In examining the boundaries of the journalist's privilege, we may consider also the applicable state law, in this case New York's so-called "Shield Law", N.Y.Civ.Rights Law Sec. 79-h et seq. (McKinney Supp.1986). Although we are not bound to follow New York law, neither should we ignore New York's policy of giving protection to professional journalists. The Shield Law provides that a professional journalist shall not be held in contempt by any court for
"... refusing or failing to disclose any news or the source of any such news coming into his possession in the course of gathering or obtaining news for publication ... by which he is professionally employed or associated in a newsgathering capacity...." (emphasis added).
N.Y.Civ.Rights Law Sec. 79-h(b).
Thus, in order successfully to raise a claim of privilege under the New York Shield Law, a professional journalist must have obtained the information in the course of gathering news for publication. In People v. LeGrand, 67 A.D.2d 446, 415 N.Y.S.2d 252 (2d Dep't 1979), an author of a book was denied the protection of the Shield Law because the court found that he was not a "professional journalist" within the meaning of the statute. The court compared the characteristics of a professional journalist with those of the author before it and concluded that the statute's protections should not be expanded to protect the author. The court, however, did not rule out the possibility that, under different circumstances, the protections of the Shield Law could be invoked by an author: "The court defers comment at this time with respect to some future situation in which an author's role would be clearly that of an investigative journalist whose work product will be published in book form." Id. at 258 (emphasis added).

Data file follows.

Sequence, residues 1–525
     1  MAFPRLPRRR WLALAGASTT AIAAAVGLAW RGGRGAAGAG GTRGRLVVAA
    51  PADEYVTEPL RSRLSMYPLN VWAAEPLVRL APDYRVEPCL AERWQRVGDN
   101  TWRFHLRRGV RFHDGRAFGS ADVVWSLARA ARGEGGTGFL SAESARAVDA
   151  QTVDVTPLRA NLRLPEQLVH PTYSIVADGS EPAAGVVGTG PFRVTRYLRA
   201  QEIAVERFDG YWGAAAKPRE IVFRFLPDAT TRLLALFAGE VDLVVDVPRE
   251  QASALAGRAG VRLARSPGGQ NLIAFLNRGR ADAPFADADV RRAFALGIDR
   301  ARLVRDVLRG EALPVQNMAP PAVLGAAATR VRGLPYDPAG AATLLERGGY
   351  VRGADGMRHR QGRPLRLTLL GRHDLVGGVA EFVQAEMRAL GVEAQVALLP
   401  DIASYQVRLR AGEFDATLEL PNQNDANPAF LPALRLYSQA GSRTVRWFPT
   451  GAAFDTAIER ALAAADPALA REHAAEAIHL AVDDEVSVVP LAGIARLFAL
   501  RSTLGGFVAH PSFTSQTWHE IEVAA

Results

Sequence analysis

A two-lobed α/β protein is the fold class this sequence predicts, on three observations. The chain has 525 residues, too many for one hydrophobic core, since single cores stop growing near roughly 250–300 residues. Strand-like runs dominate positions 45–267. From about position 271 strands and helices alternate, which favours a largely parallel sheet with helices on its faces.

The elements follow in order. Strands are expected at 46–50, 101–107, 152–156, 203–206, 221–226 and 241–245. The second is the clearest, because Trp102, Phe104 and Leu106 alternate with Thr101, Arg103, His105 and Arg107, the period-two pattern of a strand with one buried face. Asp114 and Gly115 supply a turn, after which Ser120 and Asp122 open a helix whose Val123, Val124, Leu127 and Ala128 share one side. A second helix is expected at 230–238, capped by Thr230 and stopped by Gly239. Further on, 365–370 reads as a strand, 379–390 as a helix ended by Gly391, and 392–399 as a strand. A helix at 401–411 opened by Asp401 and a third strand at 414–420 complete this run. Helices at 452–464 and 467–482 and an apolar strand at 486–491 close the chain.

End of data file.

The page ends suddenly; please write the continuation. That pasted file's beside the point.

The underlying policies served by the New York Shield Law and federal law are congruent. Both "reflect a paramount public interest in the maintenance of a vigorous, aggressive and independent press capable of participating in robust, unfettered debate over controversial matters, an interest which has always been a principal concern of the First Amendment, see e.g., New York Times v. Sullivan, 376 U.S. 254 (parallel citations omitted) (1964)." Baker v. F & F Investment, supra, 470 F.2d at 782.